Keire Johnson is one of the documentary's protagonists, though all three characters' stories are somewhat similar in their tragedy. (Image via CaamFest)

Hollywood has no shortage of coming-of-age stories currently tugging on the heartstrings of movie theater audiences across America. “Minding the Gap”, however, rises above the masses of cheesy, unrealistic documentaries about ordinary people, and instead tells the story of outcasts and abusive family cycles in small-town America.

“Minding the Gap” premiered on Hulu on Aug. 17 and stars Bing Liu, the director, along with friends and co-stars Zach Mulligan and Keire Johnson. All three men hail from Rockford, Illinois, where the boys grew up together. Liu filmed their exploits for more than 12 years, capturing their day-to-day lives and digging up skeletons bound to shock even the most indifferent viewer.

Mulligan exemplifies the standard of a skater boy with his disheveled hair and carefree attitude. When he’s not drinking PBR, Mulligan repairs roofs for work and spends time with his girlfriend, Nina, their son, Elliot and dog, Cheese. The relationship between the two young parents grows explosive at times, an unsurprising result given their immaturity and the difficulties of parenting.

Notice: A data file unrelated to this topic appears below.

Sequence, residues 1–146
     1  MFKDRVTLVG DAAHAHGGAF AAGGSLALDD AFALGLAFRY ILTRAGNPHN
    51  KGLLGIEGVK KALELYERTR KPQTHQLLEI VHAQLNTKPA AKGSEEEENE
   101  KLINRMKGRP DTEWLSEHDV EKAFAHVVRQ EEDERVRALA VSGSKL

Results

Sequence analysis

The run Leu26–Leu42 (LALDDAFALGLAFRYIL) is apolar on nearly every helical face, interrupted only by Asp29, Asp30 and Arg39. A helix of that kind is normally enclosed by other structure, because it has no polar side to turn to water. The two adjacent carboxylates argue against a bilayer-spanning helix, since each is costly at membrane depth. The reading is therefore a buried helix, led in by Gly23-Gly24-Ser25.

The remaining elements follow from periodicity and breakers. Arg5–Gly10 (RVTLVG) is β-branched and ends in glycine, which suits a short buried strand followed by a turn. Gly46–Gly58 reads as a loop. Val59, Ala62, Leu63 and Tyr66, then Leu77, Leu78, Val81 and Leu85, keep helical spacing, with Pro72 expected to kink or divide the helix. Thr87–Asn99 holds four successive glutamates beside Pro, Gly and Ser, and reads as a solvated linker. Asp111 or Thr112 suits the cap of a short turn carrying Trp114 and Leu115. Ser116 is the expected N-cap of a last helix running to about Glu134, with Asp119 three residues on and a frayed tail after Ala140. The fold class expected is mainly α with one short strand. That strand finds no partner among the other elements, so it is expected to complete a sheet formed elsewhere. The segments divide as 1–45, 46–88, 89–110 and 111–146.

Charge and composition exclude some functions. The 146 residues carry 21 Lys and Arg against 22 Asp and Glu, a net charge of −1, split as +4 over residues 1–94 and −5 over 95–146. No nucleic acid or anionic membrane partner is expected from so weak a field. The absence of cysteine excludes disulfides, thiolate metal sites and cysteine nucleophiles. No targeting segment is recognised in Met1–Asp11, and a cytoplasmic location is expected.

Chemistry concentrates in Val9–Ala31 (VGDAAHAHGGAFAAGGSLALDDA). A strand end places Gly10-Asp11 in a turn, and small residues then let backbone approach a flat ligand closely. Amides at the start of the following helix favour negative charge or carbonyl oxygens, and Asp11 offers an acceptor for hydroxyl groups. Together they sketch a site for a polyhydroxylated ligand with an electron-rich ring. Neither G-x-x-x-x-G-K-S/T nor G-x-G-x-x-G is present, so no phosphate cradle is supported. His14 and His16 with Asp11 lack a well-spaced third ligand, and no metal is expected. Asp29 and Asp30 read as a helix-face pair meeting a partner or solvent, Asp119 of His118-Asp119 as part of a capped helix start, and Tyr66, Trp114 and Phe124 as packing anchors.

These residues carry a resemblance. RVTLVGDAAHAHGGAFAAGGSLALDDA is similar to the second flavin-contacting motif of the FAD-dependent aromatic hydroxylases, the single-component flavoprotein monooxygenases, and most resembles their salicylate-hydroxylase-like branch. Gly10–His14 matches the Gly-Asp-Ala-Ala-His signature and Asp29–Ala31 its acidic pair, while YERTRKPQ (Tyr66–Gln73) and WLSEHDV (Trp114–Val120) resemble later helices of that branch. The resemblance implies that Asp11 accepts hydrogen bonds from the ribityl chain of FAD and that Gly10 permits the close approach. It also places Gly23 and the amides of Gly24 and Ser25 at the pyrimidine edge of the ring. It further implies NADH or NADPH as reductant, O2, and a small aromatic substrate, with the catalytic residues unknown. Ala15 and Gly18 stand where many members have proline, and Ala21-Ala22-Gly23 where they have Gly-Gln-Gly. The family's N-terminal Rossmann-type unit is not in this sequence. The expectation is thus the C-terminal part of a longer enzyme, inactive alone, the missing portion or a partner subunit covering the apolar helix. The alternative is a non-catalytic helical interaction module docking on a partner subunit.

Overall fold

Although their accounts of how the fight started differ, an argument between the two turned physical one night. The conflict left Nina with a scar on her eyebrow and a new housing arrangement for her and her son. Nina blamed Mulligan’s drinking for the abuse, but in one of the final scenes of the documentary, Mulligan says, “You can’t beat up women, but bitches need to get slapped sometimes.”

Abuse and neglect come as no stranger to Mulligan because his mom left him when he was 2 years old, leaving his dad to raise him alone and later with his new wife. His parents would have arguments because of his behavior, which sometimes resulted in the police being called.

The abandonment of his mother influenced him so greatly that Mulligan ended up leaving his own son on multiple occasions. He planned a trip to Colorado for two weeks and, in the end, decided to stay. He would remain in and out of Elliot’s life for the remainder of the movie.

Keire Johnson, left, and Zach Mulligan, right, star in a documentary made over the course of 12 years. (Image via Newcity Film)

Reaction to the documentary has been overwhelmingly positive and even created a stir with Hollywood’s biggest stars. Jonah Hill, from “Superbad” and “21 Jump Street,” tweeted, “Just saw @MindingGapFilm. It’s incredible. Please check it out.” The film also has a 100 percent rating on Rotten Tomatoes.

The second subject, Keire Johnson, lights up a room with his electrifying smile and laugh, and his demeanor and relaxed style are exactly the kind you’d expect to find in a kid at a neighborhood skate park. As a young African-American man in America, Johnson shines some light on the harsh reality he faces daily.

A theme in the film, which relates back its title, concerns the gap between childhood and adulthood. Is there a day when a child is no longer a child, but an adult? Johnson wrestles with this inner conflict after realizing he’ll need a job if he ever wants anything better for himself.